Beck leads the charge in misinforming on the news of the day
The Sotomayor nomination
In a May 1 statement on the retirement of Supreme Court Justice David Souter, Obama stated that he considered the "quality of empathy" one of the qualifications he would seek in a nominee. The morning of May 26, Obama announced Sonia Sotomayor as his nominee, and Beck immediately combined the right's willful ignorance of the long list of conservatives citing empathy as a desired quality in a judge with his own brand of racial invective:
BECK: They're just like, "Hey, Hispanic chick lady! You're empathetic?" She says yep. They say, "You're in!" That's the way it really works.
Health care reform falsehoods
In a February 9 Bloomberg commentary, long-time health care misinformer and former New York Lt. Gov. Betsy McCaughey launched the falsehood that a provision in the economic recovery act would allow the federal government to take over health care and "dictate treatments." The following day, McCaughey appeared on Beck's Fox News show to repeat her false claim, and by Feburary 11, Beck had fully adopted the falsehood as his own:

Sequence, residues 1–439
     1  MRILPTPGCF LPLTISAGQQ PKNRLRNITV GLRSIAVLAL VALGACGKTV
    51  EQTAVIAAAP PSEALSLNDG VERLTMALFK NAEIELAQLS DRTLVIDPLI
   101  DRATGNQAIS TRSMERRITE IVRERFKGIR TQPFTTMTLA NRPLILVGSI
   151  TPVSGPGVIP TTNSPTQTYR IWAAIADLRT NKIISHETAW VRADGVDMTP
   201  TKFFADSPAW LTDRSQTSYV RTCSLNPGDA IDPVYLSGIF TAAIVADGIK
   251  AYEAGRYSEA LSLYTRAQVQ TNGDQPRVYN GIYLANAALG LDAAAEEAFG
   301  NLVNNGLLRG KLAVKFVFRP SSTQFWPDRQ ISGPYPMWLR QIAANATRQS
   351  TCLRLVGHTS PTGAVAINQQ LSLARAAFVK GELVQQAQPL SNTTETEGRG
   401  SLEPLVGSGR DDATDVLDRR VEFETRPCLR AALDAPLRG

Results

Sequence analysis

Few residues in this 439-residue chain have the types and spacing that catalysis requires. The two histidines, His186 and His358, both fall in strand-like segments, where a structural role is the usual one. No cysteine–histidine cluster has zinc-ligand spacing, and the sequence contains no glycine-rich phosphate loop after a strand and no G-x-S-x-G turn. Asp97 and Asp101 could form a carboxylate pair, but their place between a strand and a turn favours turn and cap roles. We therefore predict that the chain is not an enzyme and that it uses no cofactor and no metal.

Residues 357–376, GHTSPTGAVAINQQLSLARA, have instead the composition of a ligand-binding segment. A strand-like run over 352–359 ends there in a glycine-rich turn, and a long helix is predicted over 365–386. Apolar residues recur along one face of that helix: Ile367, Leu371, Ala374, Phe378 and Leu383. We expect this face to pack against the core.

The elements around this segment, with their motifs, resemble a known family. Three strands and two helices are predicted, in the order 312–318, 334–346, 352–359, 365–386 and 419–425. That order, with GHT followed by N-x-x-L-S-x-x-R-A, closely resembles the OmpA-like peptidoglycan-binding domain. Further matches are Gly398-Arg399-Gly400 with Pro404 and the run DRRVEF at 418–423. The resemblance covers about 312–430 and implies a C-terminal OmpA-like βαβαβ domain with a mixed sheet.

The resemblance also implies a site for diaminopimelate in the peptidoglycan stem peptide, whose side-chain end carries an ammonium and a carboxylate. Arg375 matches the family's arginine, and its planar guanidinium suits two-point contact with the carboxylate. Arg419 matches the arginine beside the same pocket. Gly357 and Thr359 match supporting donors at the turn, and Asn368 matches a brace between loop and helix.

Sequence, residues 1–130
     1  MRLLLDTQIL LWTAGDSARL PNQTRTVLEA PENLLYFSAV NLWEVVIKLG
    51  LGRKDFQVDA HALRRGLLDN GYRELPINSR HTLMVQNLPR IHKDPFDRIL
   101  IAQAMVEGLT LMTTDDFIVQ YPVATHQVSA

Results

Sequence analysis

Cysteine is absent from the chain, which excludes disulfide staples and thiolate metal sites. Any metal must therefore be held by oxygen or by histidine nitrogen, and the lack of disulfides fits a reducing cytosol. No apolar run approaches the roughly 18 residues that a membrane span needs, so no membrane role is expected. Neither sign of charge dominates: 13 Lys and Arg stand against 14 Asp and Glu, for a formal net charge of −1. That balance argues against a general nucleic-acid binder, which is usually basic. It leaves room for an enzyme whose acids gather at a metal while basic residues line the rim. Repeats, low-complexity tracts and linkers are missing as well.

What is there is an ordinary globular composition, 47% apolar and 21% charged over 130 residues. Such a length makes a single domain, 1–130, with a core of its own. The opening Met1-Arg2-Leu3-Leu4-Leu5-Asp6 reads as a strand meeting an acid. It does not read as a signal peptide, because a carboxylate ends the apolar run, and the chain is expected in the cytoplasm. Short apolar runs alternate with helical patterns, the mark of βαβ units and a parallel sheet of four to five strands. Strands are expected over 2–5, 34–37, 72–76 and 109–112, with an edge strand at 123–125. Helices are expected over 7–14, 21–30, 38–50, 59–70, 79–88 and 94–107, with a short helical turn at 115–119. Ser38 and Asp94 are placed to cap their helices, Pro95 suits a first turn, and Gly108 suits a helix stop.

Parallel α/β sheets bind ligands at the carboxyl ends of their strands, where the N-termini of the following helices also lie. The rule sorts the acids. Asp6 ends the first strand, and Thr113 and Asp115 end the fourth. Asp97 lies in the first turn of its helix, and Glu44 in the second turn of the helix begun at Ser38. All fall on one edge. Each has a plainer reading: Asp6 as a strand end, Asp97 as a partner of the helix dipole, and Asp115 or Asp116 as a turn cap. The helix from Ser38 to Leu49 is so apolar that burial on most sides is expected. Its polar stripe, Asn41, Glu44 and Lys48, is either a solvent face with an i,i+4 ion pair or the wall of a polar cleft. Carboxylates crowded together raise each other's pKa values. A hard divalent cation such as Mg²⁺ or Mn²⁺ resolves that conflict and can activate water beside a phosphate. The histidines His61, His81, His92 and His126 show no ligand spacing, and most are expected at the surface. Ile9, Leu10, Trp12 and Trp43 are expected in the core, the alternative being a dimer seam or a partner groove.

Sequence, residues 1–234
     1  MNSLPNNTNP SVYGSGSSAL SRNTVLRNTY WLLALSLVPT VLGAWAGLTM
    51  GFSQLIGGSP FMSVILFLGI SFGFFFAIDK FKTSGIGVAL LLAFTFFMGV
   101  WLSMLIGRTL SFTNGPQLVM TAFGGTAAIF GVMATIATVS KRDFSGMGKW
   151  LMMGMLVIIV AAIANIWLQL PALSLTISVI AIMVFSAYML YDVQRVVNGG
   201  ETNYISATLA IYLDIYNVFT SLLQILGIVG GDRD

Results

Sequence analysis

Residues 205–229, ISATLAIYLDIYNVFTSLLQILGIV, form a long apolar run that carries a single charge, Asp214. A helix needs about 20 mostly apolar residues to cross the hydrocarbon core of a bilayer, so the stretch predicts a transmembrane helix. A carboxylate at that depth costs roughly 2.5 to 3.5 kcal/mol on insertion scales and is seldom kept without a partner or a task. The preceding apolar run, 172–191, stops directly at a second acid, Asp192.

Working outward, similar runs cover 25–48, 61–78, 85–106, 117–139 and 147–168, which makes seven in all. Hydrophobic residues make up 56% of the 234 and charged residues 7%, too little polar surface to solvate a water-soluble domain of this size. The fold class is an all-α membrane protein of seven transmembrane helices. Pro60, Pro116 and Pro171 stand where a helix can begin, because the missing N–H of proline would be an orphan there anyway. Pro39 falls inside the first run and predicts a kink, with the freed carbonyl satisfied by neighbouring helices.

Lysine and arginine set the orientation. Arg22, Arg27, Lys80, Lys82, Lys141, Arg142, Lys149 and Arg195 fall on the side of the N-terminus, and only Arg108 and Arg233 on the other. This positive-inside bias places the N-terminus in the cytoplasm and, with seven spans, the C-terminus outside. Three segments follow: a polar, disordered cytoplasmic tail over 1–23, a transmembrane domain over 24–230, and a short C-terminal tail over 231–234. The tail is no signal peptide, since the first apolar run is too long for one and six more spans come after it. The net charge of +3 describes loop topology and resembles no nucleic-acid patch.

BECK: So this is -- really, this is the beginning -- I mean, this is the way it happens in every society. I mean, you know, the extreme example is what happened in Germany, when -- they actually had a chart on how many potatoes you could, you know, make, how many hours you could work, how many fields you could till, et cetera, et cetera. And if you couldn't do very much, well, then, you didn't get, you know, the primo health care.
That's just the way it works when everybody has to share for the common good. Sometimes for the common good, you just have to say, "Hey, Grandpa, you've had a good life. Sucks to be you." That's not compassion.
Indeed, throughout the 2009 health care reform debate, Beck has repeatedly tied reform efforts to Nazi efforts to kill the elderly and newborns, taken ownership of Sarah Palin's egregiously false death panels smear, and adopted the distortion that the uninsured would face time in jail under reform proposals. When a nonbinding task force in November recommended that women aged 40 to 49 years not get routine mammogram screenings, Beck was driving the conservative demagoguery machine, adopting the tired death panels smear to claim that these guidelines -- that are binding on no single entity or human -- were yet further proof that death panels existed.
Suffice it to say that the moment Fox News issued Glenn Beck its imprimatur to spread conservative misinformation, the national public discourse was destined to be slightly off-kilter, and the national media's self-proclaimed rodeo clown took viewers and listeners on one wild ride through distortions and falsehoods.